Combining intelligence and the kind of imagery you want to tear out and tape to your bedroom wall, Beauty Papers is a reminder that beauty isn’t a commercial category with a capital B, it’s a multifaceted, at times controversial idea that encompasses everything from politics to what you choose to put on your face each morning. – Alice Newell-Hanson for i-D
As women, we all have the right to feel beautiful. I am completely in favour of women doing whatever the hell they want to make themselves feel this way. That being said, I do feel that it is a damned shame that oftentimes it is hard to seperate personal ideals of beauty and what the fashion industry and society tell us is beautiful. It is hard to know for sure if we personally like wearing our makeup the way we do, or if subconsciously we are trying to fit into some kind of ideal. Still, there are very obvious ways in which women are fighting against what society has “standardised” – starting with defining beauty as something unrelated to the male gaze or mainstream culture. (If what one finds is beautiful happens to coincide with what men find and mainstream culture finds attractive, that is fine, as it makes no sense to rebel against something for the sake of rebellion, but attempting to define beauty on individual terms rather than allowing our understanding of beauty to be dictated by a male dominated society at large is very important.)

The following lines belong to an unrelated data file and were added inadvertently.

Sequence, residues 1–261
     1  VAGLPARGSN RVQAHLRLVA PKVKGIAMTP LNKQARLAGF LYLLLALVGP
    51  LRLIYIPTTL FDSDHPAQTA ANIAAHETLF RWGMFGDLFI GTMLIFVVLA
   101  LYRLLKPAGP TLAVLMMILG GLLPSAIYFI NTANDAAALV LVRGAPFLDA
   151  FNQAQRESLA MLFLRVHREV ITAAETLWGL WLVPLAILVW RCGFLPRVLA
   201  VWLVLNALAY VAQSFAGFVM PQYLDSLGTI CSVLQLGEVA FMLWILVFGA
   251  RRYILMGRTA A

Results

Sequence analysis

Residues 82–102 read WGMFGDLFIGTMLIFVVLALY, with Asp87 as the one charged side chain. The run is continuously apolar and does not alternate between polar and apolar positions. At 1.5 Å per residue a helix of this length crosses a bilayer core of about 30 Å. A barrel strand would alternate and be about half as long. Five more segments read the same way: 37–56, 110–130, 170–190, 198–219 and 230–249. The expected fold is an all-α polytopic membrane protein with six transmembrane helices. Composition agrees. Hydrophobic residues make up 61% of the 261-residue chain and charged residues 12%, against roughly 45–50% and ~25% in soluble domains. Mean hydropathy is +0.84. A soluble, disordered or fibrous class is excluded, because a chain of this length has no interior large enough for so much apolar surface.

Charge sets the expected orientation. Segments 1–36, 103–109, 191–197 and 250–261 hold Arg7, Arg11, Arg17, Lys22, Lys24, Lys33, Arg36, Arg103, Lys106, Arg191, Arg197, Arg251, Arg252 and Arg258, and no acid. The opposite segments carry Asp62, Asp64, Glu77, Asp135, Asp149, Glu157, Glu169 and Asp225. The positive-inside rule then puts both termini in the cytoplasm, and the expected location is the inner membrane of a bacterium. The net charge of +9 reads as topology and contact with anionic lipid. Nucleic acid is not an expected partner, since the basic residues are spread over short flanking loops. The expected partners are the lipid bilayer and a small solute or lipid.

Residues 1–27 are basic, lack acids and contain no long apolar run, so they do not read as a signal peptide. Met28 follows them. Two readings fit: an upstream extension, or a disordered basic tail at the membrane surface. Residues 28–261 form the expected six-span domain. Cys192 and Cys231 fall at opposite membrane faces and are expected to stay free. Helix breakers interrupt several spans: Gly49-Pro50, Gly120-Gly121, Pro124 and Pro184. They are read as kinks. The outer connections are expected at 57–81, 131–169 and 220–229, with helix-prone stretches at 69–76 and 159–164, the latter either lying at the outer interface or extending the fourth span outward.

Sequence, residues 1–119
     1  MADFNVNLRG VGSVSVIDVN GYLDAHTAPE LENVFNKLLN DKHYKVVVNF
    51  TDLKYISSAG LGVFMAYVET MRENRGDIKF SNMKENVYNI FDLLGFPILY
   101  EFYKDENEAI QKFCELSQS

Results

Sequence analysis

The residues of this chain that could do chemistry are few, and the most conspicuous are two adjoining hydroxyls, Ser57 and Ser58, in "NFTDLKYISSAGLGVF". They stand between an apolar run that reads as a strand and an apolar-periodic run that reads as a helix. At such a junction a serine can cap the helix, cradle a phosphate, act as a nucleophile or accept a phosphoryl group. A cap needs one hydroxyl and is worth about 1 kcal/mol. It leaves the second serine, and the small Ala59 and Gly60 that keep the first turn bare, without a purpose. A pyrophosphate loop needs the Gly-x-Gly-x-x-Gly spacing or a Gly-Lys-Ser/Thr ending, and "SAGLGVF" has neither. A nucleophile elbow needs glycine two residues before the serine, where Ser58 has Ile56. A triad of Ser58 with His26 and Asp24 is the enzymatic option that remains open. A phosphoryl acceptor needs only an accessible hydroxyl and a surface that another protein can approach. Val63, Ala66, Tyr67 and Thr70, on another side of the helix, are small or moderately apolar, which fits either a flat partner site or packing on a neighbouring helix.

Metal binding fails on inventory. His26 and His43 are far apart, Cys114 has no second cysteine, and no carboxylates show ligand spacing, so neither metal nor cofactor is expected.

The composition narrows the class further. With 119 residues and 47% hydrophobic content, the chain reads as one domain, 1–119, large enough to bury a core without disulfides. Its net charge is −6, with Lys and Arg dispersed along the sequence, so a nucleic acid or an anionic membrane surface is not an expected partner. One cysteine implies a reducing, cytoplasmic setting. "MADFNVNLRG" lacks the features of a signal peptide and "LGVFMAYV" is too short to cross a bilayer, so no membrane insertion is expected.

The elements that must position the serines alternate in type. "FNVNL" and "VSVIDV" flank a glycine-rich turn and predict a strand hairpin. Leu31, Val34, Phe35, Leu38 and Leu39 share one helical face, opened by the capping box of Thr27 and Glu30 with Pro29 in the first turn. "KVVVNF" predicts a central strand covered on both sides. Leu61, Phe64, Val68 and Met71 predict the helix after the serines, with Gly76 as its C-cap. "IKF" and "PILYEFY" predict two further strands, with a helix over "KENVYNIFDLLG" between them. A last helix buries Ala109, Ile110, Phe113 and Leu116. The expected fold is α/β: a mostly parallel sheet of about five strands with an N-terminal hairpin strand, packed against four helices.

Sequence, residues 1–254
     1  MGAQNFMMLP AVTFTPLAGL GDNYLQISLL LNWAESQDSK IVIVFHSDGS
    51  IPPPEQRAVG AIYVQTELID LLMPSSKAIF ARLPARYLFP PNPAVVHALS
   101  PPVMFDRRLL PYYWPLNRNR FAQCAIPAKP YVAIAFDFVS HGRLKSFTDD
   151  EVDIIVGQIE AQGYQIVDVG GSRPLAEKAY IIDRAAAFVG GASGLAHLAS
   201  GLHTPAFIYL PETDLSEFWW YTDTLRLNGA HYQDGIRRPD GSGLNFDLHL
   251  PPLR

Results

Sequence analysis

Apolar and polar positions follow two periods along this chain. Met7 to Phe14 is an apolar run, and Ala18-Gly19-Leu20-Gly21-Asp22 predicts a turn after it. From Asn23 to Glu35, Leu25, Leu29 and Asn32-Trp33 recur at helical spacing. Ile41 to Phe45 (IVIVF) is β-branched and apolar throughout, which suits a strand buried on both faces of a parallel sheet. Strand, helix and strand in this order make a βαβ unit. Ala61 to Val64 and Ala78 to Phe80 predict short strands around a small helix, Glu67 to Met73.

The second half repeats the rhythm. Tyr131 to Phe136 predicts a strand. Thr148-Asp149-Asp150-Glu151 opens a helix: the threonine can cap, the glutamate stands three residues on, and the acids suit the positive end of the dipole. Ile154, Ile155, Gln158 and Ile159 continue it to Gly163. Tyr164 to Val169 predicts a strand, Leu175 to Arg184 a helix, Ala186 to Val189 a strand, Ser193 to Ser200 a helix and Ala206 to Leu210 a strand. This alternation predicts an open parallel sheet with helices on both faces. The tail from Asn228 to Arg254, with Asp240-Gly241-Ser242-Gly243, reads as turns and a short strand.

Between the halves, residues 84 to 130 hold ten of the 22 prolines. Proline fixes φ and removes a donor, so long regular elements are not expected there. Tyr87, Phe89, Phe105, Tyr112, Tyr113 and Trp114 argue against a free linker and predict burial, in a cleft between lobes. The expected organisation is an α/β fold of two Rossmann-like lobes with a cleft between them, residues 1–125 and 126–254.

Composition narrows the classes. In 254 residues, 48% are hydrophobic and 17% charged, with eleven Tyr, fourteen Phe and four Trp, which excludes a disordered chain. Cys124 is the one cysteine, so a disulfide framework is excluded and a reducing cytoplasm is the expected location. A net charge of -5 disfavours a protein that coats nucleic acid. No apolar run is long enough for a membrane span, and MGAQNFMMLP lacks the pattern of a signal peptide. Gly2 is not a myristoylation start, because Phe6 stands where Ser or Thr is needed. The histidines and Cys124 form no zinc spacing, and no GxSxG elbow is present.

Beauty Papers, a magazine created by make-up artist Maxine Leonard and creative director Valerie Wickes, is doing everything right when it comes to re-defining our traditional understanding of beauty.
When interviewed by i-D, Leonard had this to say about the aim of Beauty Papers: “…I want to challenge what the word “beautiful” really represents. I’d like to explore words that I think youth culture would probably throw up at: “harmonious,” “exquisite,” “glorious.” I think we need something positive to come through now. We’re all feeling what’s going on around us. There is no money, there are no advertisers, but the idea that you can challenge what “beauty” is on your own budget is what the throwdown of Beauty Papers represents. You have to fight a bit more for it. And I think that fight makes you hungry…I think there’s something about offering people freedom and choice.”
Music to my ears, if you ask me.
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